Would YOU Reuse a Diaper?

Before you answer that question let me share a few eye-opening statistics with you.  Did you know that 1 in 3 families struggle to afford diapers for their baby?  {source}  Did you also know that there are no federal and/or state assistance programs that provide families with diapers?  There was a story a few years ago that circulated about how some families actually resort to cleaning out and reusing their disposable diapers because they can’t afford to change them every few hours.  It’s not uncommon to hear of families leaving their baby in a disposable diaper for 8-12 hours either.

Now ask your self the question again, “Would you reuse a diaper?”  What if I told you there was another option?  Reusable Cloth Diapers!  Yes, cloth diapers like your mom or grandmom used!  Not sure if that’s for you?  Stay with me for a few more minutes and let me see if I can change your mind…or at least enlighten you a bit.

When my (now 4 year old) daughter was born I knew that we were going to use modern cloth diapers.  Cloth diapers have actually come a long way since the 1970’s and are really cute and easy to use.  We used them on my daughter until she was potty trained and I fell in love with the cloth diapering community.  Yes, there is a large (mostly online) community of cloth diapering families all over the world.  Some of them even have local moms group, meet ups, and diaper swaps.  I began blogging about our cloth diaper journey back in 2009 and now I’m working full-time in the industry.  I’ve been blessed to meet and network with some amazing women (and a few men) who blog, make, and sell cloth diapers.

One of my friends (and a local Tampa mama herself), Kim Rosas started her blog, Dirty Diaper Laundry, back in 2009 and creates video reviews of the different cloth diapers on the market.  She’s also on the board of directors for Giving Diapers, Giving Hope – a non-profit organization that helps by providing cloth diapers to families in need.  The organization was started by a friend of hers, Kristen McCarrthy, who was one of those families in need.  Based out of Gloucester, MA Kristen and Giving Diapers, Giving Hope have helped hundreds of families diaper their babies with cloth diapers.  Here is a short video that tells a little more about Giving Diapers, Giving Hope.


The Story of Giving Diapers, Giving Hope from Giving Diapers, Giving Hope on Vimeo.

For the past 3 years Kim has organized the Flats and Handwashing Challenge.  Flat diapers can be store bought, made using flour sack kitchen towels, tshirts, or any absorbent fabric and can be use as the absorbent material inside a diaper cover.  Why flats instead of the modern cloth diapers?  With the average price of a single modern cloth diaper at around $17 many families just can’t afford the initial investment.  With flats and diaper covers you can diaper your baby for FREE using donated items or for as little as $50 if you need to buy supplies.  Since many families in need don’t have access to laundry facilities it is very helpful for them to learn how to handwash their diapers.  With just a few basic supplies (and quick lesson in cloth diapers) a family can now use the money that they bought disposable diapers with and spend it on rent, gas, insurance, groceries, or whatever other bills that need to be paid without having to deprive their baby of a fresh, clean diaper!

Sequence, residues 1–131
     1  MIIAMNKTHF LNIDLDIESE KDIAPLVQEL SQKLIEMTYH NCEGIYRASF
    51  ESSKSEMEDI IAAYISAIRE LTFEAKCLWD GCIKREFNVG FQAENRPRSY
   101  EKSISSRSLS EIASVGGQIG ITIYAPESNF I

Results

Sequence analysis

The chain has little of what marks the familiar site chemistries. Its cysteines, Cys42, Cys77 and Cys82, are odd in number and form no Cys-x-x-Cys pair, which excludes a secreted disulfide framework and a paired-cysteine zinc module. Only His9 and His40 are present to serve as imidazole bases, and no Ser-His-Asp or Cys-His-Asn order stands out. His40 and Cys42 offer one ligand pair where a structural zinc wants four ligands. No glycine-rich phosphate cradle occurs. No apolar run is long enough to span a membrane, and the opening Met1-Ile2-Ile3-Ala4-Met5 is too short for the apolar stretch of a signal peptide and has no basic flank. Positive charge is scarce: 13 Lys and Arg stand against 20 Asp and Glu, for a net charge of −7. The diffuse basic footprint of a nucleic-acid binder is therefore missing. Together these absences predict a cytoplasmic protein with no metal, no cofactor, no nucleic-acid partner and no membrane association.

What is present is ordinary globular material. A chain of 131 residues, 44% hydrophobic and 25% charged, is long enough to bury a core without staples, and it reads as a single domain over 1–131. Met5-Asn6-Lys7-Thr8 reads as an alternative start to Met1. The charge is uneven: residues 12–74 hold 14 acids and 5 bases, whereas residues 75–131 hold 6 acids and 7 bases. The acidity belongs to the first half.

[youtube http://www.youtube.com/watch?v=5cWCa1suS3k&w=560&h=315]

With the Flats and Handwashing Challenge, Kim provides tips and resources on how to use flat diapers, how to make diapers using tshirts and other fabrics around the home, how to make a camp style washer to handwash your diapers, and how to handwash your diapers.  Families all around the globe participate in this online challenge by only using a small number of flats and covers and handwashing their diapers for 7 days.  Many of the participants are bloggers, educators in their local cloth diaper communities, or families who want to learn how to diaper on a budget  – some even struggling to provide diapers for their own babies.

When my daughter was still in diapers I participated in the first Flats Challenge and learned just how easy it really is to use flats and handwash my diapers.  I quickly realized just how many times in my own life that using flats would have been helpful.  When traveling flats are easy to pack and compact.  When you are staying at a hotel, camping, or when no laundry facility is available; flats can easily be washed and tried in the bathroom.  Living in a hurricane prone area knowing how to use flats and handwash can come in very handy if we were ever left without electricity after a storm.  In devastated hurricane areas such as Katrina and most recently Hurricane Sandy, families can be without power for several days if not longer and local stores may not have stock in disposable diapers if you can even get there. I wrote some tips on How to Prepare an Emergency Kit When You Cloth Diapers (or Diapering in a Disaster) on my blog.

Do you know a family with small a baby who is struggling to pay the bills?  Want to learn more about cloth diapers or the Flats Challenge?  Below are some of my favorite resources to help get you (or them) started.    

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